This is the first in a series of blog posts we are calling "Required Reading." We're asking a number of thoughtful people to provide an annotated list of the books they think we should be reading at this important time in U.S. and world history.
The first Required Reading list is provided by Philip M. Phibbs. Dr. Phibbs was President of the University of Puget Sound 1973-1992. Before coming to Puget Sound he was Professor of International Relations and Executive Vice President at Wellesley College (where he was Hillary Clinton's advisor). Here is his list.
1. Law and the Long War: The Future of Justice in the Age of Terror by Benjamin Wittes (Penguin Press, 2008).
One of the most important and least acknowledged developments at the turn of the 21st Century is the change in the nature of warfare. Conflicts between nation-states with specific geographical boundaries and organized, uniformed armies have been replaced by engagements between a traditional nation-state and irregular groups. The latter represent entities without boundaries or uniformed troops, and their attacks are primarily directed, not against an opposing army, but against non-combatants.
Law, national and particularly international, is predicated upon the traditional, not the contemporary conflict. Wittes, a Fellow at the Brookings Institution and former editorial writer for the Washington Post has made the first serious, non-partisan, and non ideological attempt to confront this situation. His book is, in my opinion, the most important publication of the year.
2. Petrostate: Putin, Power, & the New Russia by Marshall Goldman (Oxford University Press, 2008).
Marshall is an economist who knows Russia as few others do—he has been studying the country for half a century and visiting it, even living and teaching there, for years. For some time, he has taken a particular interest in now Prime Minister Putin. Marshall has been a friend of mine for 47 years so this recommendation may be tainted, but if you wish to understand re-emerging Russia, I think you will find “Petrostate” both helpful and fascinating.
3. A Choice of Enemies; America Confronts the Middle East by Lawrence Freedman (PublicAffairs, 2008)
There are a multitude of new books on the Middle East. My favorite is “A Choice of Enemies.” Freedman writes clearly and beautifully; he is also an old fashioned scholar engaged in the search for the truth rather than in promoting an ideological or partisan position.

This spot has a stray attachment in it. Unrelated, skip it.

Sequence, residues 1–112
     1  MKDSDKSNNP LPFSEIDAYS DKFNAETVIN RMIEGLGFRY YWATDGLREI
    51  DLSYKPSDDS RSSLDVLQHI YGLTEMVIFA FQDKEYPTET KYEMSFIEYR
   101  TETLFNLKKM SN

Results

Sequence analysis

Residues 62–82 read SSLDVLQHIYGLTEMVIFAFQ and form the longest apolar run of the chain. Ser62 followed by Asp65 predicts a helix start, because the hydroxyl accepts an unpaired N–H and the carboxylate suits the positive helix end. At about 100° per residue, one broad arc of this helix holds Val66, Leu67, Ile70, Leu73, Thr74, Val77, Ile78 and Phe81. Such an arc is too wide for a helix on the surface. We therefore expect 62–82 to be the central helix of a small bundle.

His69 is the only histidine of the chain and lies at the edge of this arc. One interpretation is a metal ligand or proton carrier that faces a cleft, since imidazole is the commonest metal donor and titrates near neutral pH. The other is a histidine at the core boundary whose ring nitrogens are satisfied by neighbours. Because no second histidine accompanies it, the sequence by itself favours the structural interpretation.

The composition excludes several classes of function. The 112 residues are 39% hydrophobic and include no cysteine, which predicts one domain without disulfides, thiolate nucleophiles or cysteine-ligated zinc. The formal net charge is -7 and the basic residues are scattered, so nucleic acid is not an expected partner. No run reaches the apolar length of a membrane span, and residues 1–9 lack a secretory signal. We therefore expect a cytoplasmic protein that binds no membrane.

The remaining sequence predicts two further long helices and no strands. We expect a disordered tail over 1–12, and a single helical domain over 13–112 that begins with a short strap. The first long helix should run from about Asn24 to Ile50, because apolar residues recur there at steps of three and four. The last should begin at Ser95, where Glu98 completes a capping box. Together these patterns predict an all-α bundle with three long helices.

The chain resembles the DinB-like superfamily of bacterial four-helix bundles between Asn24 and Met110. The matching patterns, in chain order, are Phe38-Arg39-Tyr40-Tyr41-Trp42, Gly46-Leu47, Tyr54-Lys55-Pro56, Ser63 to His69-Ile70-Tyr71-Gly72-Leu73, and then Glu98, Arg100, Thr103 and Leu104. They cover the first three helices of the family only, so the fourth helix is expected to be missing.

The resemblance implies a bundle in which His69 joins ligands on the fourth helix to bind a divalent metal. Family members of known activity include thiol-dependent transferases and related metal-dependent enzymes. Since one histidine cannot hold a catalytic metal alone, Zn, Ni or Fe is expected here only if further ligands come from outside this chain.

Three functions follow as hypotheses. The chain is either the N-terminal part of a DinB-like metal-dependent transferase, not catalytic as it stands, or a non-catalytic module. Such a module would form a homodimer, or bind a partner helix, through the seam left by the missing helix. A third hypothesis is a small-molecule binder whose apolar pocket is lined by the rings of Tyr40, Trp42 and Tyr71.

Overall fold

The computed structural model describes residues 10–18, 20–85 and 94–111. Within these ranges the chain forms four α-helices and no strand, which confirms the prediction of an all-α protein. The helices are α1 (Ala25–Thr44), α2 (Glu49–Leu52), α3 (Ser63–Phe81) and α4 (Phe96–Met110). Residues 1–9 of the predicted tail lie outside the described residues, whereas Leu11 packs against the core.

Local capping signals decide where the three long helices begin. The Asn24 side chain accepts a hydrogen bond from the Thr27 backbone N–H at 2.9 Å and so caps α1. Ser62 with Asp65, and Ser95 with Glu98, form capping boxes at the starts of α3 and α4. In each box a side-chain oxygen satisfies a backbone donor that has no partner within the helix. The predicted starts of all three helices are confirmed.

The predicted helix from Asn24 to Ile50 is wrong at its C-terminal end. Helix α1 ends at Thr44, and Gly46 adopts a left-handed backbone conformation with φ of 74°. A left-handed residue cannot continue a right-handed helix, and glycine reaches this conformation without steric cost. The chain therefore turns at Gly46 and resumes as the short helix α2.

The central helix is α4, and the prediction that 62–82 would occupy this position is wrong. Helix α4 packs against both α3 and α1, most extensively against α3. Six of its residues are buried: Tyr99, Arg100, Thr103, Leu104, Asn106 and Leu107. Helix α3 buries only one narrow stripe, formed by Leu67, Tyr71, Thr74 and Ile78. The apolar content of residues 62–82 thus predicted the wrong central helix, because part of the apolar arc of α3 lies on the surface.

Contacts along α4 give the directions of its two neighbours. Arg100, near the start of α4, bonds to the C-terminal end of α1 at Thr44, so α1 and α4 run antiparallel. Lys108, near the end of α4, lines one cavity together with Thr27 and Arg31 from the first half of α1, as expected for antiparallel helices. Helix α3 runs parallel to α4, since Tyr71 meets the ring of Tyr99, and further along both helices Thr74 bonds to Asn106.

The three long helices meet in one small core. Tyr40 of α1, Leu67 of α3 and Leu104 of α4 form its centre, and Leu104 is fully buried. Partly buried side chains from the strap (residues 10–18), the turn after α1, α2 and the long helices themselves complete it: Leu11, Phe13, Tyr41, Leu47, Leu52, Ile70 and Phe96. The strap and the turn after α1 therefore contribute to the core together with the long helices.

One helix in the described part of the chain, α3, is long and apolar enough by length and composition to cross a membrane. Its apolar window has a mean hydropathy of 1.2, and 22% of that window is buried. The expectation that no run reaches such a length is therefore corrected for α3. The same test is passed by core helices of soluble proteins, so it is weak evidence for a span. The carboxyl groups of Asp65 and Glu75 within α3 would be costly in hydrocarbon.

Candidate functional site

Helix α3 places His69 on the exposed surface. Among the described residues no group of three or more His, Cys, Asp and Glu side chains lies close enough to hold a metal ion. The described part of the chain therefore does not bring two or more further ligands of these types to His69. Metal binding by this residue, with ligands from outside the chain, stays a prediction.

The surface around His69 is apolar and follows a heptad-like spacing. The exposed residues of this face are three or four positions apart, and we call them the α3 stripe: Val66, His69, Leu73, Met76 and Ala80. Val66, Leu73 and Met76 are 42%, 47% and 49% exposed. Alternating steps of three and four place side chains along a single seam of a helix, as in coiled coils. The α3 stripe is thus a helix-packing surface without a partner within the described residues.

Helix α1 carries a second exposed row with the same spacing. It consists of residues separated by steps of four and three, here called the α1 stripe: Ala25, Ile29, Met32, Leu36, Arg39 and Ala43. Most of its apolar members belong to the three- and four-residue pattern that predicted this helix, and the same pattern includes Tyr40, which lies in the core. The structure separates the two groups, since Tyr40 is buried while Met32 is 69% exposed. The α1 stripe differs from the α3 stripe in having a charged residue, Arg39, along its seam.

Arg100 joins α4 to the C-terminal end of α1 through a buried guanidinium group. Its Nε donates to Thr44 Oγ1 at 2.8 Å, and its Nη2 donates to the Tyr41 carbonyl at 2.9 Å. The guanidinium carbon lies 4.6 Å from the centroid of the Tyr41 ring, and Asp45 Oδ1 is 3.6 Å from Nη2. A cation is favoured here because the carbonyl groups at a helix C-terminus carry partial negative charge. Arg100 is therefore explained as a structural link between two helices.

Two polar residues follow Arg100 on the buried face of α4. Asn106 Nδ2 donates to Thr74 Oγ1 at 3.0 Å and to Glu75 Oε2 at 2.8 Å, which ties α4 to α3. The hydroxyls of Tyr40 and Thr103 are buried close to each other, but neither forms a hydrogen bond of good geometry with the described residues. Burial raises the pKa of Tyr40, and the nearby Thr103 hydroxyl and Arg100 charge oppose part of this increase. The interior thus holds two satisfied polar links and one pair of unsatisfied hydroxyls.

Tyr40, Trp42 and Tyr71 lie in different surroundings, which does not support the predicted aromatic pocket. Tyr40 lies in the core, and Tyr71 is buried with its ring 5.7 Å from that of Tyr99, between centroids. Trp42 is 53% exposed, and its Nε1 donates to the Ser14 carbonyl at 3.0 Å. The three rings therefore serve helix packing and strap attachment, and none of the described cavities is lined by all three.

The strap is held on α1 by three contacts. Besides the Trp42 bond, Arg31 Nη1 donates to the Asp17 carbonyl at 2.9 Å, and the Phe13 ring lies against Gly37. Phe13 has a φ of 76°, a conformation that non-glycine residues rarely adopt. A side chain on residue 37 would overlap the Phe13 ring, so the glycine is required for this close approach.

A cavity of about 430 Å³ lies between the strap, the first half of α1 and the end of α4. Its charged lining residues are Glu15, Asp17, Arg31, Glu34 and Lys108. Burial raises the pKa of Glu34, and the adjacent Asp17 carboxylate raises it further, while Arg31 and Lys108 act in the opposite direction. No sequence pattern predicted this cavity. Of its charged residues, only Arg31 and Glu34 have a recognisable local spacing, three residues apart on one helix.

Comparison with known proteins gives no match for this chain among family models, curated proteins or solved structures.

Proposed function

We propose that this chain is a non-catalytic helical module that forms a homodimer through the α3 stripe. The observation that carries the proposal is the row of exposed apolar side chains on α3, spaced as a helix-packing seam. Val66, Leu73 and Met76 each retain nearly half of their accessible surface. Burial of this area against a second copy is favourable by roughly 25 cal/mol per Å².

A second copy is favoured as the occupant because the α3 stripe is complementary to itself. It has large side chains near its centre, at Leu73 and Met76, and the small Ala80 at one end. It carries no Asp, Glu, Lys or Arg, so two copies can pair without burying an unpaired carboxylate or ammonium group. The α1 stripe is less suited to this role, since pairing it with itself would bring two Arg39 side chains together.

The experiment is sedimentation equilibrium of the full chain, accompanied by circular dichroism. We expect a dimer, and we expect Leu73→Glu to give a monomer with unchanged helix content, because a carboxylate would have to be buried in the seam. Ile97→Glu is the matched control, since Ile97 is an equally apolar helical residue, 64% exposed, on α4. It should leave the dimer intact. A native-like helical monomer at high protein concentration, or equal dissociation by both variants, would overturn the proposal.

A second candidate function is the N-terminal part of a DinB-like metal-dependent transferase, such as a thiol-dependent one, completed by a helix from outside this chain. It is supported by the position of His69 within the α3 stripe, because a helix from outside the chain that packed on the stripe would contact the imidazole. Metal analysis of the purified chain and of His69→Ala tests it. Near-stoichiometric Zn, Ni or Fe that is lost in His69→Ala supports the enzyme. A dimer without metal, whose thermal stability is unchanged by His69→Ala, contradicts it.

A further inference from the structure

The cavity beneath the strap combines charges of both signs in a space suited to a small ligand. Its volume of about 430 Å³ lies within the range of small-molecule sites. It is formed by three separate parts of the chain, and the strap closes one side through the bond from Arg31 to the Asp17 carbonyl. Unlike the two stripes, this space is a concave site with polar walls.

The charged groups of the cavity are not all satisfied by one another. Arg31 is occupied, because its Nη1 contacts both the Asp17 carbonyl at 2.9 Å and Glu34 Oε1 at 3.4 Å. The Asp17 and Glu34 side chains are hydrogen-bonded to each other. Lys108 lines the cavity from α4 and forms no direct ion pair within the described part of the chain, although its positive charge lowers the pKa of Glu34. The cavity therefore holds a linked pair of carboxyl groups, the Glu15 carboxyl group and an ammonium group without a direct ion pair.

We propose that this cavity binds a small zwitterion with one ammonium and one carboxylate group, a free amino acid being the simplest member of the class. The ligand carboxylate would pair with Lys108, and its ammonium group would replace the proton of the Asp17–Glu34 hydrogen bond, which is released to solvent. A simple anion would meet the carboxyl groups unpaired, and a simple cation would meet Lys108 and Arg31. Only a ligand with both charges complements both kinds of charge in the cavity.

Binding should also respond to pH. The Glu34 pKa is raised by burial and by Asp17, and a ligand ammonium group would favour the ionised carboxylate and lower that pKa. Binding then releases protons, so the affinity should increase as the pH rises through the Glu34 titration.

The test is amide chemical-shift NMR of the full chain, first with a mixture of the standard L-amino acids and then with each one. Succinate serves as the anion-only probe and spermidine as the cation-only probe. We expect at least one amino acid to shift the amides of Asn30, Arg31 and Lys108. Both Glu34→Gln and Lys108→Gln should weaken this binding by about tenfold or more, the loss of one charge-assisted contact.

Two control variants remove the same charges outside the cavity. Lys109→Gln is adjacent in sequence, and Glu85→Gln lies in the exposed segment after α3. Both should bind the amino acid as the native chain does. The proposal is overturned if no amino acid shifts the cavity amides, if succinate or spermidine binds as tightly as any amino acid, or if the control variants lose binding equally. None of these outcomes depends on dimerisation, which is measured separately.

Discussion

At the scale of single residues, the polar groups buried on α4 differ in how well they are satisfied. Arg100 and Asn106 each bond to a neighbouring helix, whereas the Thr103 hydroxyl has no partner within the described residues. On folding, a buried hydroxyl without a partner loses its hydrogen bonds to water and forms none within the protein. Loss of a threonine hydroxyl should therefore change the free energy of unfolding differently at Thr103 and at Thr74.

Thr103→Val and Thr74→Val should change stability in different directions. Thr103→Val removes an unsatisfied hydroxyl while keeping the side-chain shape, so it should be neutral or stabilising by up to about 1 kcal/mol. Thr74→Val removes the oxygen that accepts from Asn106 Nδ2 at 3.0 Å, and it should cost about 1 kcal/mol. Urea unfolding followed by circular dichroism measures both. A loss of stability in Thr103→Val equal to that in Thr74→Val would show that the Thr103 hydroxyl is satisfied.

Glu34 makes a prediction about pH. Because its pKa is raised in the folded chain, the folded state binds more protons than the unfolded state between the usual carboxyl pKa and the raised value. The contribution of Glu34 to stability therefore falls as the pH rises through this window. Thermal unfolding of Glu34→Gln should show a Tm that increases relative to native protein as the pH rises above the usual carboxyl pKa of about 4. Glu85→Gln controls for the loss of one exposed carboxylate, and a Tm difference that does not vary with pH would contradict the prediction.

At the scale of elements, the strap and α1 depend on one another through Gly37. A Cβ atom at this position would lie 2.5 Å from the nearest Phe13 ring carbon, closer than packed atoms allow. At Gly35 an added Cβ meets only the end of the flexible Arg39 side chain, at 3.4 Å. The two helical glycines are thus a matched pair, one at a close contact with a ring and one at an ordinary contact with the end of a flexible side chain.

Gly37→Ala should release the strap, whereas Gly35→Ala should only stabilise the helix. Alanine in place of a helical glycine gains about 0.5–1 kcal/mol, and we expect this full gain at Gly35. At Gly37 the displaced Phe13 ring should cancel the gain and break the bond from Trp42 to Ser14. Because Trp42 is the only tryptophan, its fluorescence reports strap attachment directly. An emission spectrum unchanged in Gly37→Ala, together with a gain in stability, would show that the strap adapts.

4. The Landmark Thucydides edited by Robert B. Strassler (new edition, The Free Press, 2008).
If you have not already read Thucydides, the Landmark edition provides a wonderful way to enjoy this remarkable account of the Peloponnesian War which is a classic in the curriculum of international politics. If you have already read Thucydides, you may wish to re-read him in this new edition. It is filled with wonderful maps and helpful footnotes that make the obscure geography and even more obscure characters and events clear and understandable.
5. Reappraisals; Reflections on the Forgotten Twentieth Century by Tony Judt (Penguin Press, 2008).
Tony Judt is, in my opinion one of the best and most interesting historians writing today. He is also something of a public intellectual. This collection of essays displays a few of his great strengths—beautiful, clear writing, independent thinking, and provocative argument. The essays on Leszek Kolakowski and Edward Said, alone, are worth the cost of the book.
6. The mysteries of Frank Tallis (the most recent volume is Vienna Blood, Random House, 2008).
Every well educated person should read widely so I would like to introduce you to the work of Frank Tallis, a clinical psychologist in London. His mysteries are all set in turn of the century Vienna, my favorite period and place. Tallis laces his well written stories with lots of Viennese coffee and rich tortes. There are also cameo appearances by Sigmund Freud and Gustav Mahler and interludes of the beautiful music of Schubert and Beethoven. Engrossing tales in the perfect setting!